The Cleveland Orchestra neared the end of its summer season at Blossom Music Center on Sunday evening with a pleasing and well-executed program of standards by Haydn and Mendelssohn, and a rarity by Arthur Benjamin, with the orchestra’s assistant principal oboe Jeffrey Rathbun as soloist. Nicholas McGegan, music director of San Francisco’s Philharmonia Baroque Orchestra, was the guest conductor.

Nicholas McGegan © Steve Sherman
Nicholas McGegan
© Steve Sherman

The days when a full-size orchestra performed Haydn’s symphonies have now more or less gone the way of the dodo, and, accordingly, The Cleveland Orchestra was reduced to a modest size for this concert, emphasizing transparency of texture. Haydn spent the 1791-92 season in London, to great success, especially with his first collection of six “London” Symphonies. He was re-engaged to return, and in his Viennese interim, he composed six more symphonies, including the Symphony no. 99 in E flat Major. Shortly after his return to London in 1794, the symphony was premiered, further burnishing Haydn’s reputation.

The symphony opens with an Adagio – but not somber – introduction leading into the main Allegro. McGegan favored a robust sound, but with elegant precision. He doesn’t so much conduct as “mold phrases” with his gestures. As is their reputation, The Cleveland Orchestra acted as a larger chamber ensemble listening to each other to match phrasing and articulation, differentiating string and wind legato with chordal punctuations with timpani and brass. The exquisite second movement Adagio contrasted alternating strings passages with passages for winds. In the midst of string figures there appeared a little solo flute figure, with an upward grace note, like a short bird call. The third movement Menuetto was bouncy, obviously influenced by folk music; the Trio was more graceful. The Finale was filled with counterpoint, the theme shared among the sections, each popping in at the appropriate time. As had happened in the first movement, Haydn used the device of a “grand pause” – a moment of silence before beginning again in a new key. The winds and brass were especially deserving of the group bow McGegan gave them at the end.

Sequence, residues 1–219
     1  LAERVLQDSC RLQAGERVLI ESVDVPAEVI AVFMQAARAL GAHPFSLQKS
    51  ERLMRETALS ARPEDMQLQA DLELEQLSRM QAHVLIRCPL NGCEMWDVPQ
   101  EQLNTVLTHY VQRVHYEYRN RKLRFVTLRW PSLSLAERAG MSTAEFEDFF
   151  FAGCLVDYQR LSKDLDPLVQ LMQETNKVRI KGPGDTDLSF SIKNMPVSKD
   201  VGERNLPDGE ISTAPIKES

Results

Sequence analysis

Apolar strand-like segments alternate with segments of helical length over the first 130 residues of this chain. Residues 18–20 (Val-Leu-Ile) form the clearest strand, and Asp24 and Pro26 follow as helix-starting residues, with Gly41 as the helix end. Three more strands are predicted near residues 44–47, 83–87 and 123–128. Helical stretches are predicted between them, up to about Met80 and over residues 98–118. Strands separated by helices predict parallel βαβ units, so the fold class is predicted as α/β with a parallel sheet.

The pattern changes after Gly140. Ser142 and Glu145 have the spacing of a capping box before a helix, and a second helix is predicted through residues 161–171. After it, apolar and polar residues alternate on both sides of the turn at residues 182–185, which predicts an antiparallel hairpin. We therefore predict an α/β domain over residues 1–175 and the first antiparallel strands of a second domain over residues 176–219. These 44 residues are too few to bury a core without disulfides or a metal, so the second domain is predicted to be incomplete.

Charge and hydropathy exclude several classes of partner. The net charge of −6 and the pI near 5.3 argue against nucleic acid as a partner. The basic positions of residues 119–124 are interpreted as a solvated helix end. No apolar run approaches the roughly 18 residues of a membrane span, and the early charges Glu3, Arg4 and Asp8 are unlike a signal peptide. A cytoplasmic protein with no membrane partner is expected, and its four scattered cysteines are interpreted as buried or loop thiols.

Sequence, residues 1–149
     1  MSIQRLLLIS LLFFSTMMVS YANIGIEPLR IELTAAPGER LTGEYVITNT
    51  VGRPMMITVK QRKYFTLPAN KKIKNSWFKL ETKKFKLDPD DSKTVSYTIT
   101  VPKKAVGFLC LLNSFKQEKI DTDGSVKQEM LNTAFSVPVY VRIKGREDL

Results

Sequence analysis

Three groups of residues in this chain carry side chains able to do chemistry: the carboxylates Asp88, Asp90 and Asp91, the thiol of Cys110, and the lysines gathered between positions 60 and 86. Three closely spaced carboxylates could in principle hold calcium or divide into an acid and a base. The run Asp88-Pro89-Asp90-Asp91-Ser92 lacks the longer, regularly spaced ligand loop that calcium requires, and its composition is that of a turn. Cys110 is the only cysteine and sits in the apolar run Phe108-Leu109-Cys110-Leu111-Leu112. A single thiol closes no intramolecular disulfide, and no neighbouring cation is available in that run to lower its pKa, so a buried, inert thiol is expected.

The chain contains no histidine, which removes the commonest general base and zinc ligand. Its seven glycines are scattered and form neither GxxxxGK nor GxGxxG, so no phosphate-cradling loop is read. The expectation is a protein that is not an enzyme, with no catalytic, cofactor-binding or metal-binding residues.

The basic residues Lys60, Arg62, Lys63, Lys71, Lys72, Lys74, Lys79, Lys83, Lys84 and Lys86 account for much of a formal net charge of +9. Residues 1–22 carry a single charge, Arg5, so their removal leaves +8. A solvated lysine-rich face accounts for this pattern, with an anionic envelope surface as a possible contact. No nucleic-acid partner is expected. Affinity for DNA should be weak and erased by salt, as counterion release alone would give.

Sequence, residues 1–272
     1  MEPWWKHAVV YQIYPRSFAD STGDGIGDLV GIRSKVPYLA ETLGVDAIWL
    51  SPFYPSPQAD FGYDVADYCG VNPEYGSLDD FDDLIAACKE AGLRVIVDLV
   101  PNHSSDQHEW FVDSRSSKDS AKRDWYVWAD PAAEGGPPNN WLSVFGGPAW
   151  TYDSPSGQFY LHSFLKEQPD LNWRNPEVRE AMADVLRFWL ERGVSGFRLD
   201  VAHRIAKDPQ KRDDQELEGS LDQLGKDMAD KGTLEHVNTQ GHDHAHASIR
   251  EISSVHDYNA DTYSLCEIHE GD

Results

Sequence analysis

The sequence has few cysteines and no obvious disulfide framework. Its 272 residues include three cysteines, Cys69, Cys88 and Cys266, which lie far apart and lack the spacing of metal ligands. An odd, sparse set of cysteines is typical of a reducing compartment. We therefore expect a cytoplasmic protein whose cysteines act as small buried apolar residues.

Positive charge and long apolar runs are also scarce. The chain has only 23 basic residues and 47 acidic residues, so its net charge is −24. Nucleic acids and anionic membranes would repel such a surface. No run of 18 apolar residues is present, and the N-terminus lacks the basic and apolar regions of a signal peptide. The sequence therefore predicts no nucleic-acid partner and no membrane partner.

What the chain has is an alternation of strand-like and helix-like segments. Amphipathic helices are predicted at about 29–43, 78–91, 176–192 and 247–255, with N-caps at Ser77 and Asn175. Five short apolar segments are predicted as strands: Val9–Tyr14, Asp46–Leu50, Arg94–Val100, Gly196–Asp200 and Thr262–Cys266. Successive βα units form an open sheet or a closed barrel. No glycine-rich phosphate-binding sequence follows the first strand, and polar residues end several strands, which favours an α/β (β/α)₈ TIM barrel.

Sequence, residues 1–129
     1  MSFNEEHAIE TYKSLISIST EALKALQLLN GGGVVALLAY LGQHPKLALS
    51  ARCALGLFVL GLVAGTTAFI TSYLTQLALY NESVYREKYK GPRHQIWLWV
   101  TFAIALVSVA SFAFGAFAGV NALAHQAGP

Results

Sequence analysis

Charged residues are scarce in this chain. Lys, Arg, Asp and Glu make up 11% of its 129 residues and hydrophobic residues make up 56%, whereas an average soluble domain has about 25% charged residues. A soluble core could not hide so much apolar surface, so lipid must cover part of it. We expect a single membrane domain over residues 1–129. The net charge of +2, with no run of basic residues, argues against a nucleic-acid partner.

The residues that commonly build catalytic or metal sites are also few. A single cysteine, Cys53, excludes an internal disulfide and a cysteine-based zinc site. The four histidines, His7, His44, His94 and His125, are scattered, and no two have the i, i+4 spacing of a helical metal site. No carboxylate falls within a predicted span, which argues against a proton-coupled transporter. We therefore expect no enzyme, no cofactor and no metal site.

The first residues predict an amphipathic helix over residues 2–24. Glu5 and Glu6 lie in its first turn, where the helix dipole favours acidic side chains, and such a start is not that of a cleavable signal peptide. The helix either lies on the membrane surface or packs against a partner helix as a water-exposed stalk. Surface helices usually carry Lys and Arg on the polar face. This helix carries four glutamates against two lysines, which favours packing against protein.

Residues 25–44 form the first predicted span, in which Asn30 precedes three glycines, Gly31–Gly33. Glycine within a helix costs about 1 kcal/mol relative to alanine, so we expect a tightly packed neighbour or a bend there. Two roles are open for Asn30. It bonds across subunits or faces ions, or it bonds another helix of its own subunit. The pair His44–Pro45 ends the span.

What a fine performer oboist Jeffrey Rathbun is! As the orchestra’s second oboe, he rarely gets a chance in the solo spotlight, which is a shame. His tone was rich and sang out over the string chamber orchestra in Arthur Benjamin’s Divertimento on Themes by Gluck (1952). The work is a suite of five short arrangements of movements from a set of sonatas for two violins and continuo composed by Gluck in 1746. Unlike Stravinsky’s reworking of music spuriously attributed to Pergolesi in the ballet Pulcinella, in which harmonies and meters are given the “Stravinskian” treatment, Benjamin's accompaniments are harmonically and rhythmically conservative, sometimes trading voices stereophonically from one side of the orchestra to the other. Gluck/Benjamin give the soloist lots of notes to play; there was nary a noticeable slip from Rathbun. The cadenzas were brilliant. The third movement’s melody was long, lyrical, and legato. In the passages requiring the oboe’s lower register Rathbun’s sound was especially mellow. The Menuetto, in contrast to Haydn’s minuet earlier on this program, was quick and delicate. The finale was in triple meter: a tarantella? The solo part was filled with ornamentation devised by Benjamin. A short cadenza was interpolated right before the final cadence. The suite wasn’t profound, but, as the title implied, it was charming and diverting.

Felix Mendelssohn dedicated the first published edition of his Symphony no. 3 in A minor, the “Scottish” to the reigning British monarch, Queen Victoria. His initial inspiration took place during a tour of the British isles and, especially, a visit to Edinburgh in 1829. Although he began the symphony shortly after the visit, it was not completed until 1842. In interconnected movements performed without pause, the symphony is tightly constructed. Although Mendelssohn did not assign any specific program to his music, the essence of Scottish music and generalized depictions of winds, landscapes and rough seas are found along the way.

This performance continued the virtues found earlier in the concert: emphasis on clean phrasing, legato contrasted with sharply dotted rhythms (in the third movment), and well-judged proportions of tempo over the 35 minutes of the symphony. The opening of the fourth movement (Allegro guerriero) was suitably war-like, while the maestoso of the finale was grand, but never lagged.